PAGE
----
Starlings are well known to put on an amazing show. Their evening displays called murmurations always attract a crowd and often it’s not just people. Lodmoor currently has a very spectacular nightly show and last night it really was something special! The reason they swirl around before dusk is down to two reasons. Firstly it’s a way of gathering a crowd before going down into the reeds all together to settle for the night. They roost very close to each other to keep warm. Also by staying together as one flock the old safety in numbers principle comes into play. I said earlier that they often attract a different crowd. This would be birds of prey. Last night a Sparrowhawk made an impressive attempt to catch itself some supper but despite their being 15,000+ starlings it failed! Likewise, Marsh Harriers have been having a go most evenings and I’m yet to see one actually catch as starling! Safety in numbers!!!
If you have a spare evening in the next week or so, we’d highly recommend heading over to Lodmoor to check out this natural spectacular! Head to the top end of the reserve looking up the Lorton valley and aim to be there from about 3:30. Enjoy!!
This excellent summery of the 2013 butterfly season has been sent to me by our volunteer Allan Neilson. He also very kindly sent through photographs but technology has failed me and I can't currently post them. I'll try to add the photos soon! In the meantime, I'm sure you'll enjoy reading Allans summery of a very interesting year!
As the days get shorter and the nights longer and colder it’s good to remember warmer times and what symbolises them better than butterflies? They’re not top of most people’s list of creatures to count on a wetland but since 1977 RSPB staff and local volunteers have surveyed the Radipole Lake reserve in the heart of Weymouth for butterflies. The data goes to, via Butterfly Conservation (Dorset), the UK Butterfly Monitoring Scheme.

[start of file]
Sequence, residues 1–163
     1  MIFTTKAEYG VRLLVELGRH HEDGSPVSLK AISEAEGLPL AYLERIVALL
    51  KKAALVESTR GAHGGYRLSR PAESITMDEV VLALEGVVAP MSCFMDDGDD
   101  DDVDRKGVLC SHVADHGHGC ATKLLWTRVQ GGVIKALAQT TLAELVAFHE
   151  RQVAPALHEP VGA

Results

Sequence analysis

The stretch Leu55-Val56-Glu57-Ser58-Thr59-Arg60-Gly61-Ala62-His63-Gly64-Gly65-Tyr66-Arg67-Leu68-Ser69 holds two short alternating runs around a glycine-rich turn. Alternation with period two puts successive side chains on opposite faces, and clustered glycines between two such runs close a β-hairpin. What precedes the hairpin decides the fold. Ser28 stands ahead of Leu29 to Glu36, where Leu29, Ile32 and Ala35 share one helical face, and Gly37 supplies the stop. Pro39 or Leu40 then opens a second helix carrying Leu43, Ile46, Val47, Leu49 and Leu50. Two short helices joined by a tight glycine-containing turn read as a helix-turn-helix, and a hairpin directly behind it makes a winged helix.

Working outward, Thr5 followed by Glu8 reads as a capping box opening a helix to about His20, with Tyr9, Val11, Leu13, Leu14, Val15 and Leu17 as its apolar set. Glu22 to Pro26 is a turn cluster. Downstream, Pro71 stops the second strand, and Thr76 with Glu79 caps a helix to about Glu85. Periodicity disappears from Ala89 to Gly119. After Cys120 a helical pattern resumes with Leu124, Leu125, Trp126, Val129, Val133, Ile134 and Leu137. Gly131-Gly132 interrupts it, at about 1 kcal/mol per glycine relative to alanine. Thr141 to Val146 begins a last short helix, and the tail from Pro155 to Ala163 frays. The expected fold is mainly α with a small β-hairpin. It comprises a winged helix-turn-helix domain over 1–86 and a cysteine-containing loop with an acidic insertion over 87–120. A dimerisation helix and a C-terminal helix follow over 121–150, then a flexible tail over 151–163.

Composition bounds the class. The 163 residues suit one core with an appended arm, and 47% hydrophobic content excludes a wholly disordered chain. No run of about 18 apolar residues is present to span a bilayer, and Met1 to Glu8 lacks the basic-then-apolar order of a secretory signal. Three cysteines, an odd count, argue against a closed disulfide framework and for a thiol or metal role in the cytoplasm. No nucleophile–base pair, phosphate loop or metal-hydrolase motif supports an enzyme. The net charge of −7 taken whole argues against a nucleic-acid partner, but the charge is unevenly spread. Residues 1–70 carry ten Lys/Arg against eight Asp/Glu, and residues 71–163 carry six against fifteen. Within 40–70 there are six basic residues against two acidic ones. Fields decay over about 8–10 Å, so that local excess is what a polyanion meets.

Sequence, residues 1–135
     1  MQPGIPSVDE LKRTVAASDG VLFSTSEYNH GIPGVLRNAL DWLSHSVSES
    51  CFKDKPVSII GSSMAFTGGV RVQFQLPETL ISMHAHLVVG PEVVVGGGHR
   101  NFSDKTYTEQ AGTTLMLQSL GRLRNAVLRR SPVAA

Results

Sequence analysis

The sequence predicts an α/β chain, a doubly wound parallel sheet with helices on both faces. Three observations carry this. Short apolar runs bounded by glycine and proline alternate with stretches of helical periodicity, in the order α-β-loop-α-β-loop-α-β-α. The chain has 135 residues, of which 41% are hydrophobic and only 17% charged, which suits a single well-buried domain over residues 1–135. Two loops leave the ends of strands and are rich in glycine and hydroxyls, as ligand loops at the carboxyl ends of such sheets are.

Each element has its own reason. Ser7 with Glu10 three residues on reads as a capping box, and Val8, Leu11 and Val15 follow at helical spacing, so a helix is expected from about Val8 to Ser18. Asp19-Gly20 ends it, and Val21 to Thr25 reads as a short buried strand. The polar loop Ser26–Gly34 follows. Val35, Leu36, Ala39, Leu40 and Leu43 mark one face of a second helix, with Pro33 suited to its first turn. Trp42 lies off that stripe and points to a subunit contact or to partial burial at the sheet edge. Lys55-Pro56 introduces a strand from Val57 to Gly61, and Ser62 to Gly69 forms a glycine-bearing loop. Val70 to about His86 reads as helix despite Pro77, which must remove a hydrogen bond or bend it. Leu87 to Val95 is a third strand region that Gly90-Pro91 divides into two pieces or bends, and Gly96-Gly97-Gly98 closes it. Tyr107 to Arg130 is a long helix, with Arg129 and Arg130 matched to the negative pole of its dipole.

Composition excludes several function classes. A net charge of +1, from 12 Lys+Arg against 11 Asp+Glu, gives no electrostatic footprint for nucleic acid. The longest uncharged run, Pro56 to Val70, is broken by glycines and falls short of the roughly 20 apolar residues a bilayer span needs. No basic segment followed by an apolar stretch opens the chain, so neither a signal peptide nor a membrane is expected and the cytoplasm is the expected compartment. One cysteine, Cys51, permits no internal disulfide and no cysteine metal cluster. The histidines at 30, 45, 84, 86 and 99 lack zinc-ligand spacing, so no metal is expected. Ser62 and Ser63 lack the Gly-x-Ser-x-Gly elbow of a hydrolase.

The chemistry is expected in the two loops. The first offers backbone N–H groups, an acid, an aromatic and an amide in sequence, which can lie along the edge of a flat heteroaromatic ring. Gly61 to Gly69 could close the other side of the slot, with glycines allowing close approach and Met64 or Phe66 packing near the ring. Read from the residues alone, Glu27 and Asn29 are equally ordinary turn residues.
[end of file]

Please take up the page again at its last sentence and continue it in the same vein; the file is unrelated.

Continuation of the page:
Up to 22 species of butterfly can be seen at Radipole in a normal year: mainly the familiar ‘garden’ species such as red admiral, peacock and large (cabbage) white etc. Holly, common and small blues, speckled wood and a smattering of other grassland ‘browns’ plus the occasional large skipper make up the rest. Very rarely individuals of chalkhill blue, silver-studded blue, grayling or green hairstreak wander on to the reserve.
After a cold winter followed by a very cold spring butterfly enthusiasts throughout Britain feared 2013 would be a disastrous year but July warmth and the August heat-wave came to the rescue, big-time. With the bonus of a warm September, Radipole had its best year since 1989 with a total 977 individuals of 18 species recorded.
The beautiful orange-tip, despite being a spring-flyer, and comma had their best-ever year and nine other species since the 1980s or early-90s. As a result of the cold spring, though, the first record for orange-tip was six weeks later than in 2012!
Small tortoiseshell populations have declined over the past two decades: some to 1/5 of their 1990 level. At Radipole the 2013 total was up 3.5 times compared to 2010-12, apparently matching the rest of the UK. Experts have suggested that more adults than usual successfully overwintered, emerged to breed in good numbers in spring and that their offspring and then a third generation also emerged in periods of good weather during the summer and early autumn. Fingers crossed that 2014 doesn’t show this to be a “flash-in-the-pan”.
Some people dislike the sight of ivy on a tree but it provides food and shelter for a host of wildlife including caterpillars of holly blue that feed on the flowers and overwinter as pupae under the tree-bark. No great surprise then that the first sighting of holly blue this year was near an ivy-covered tree on the Buddleia Loop.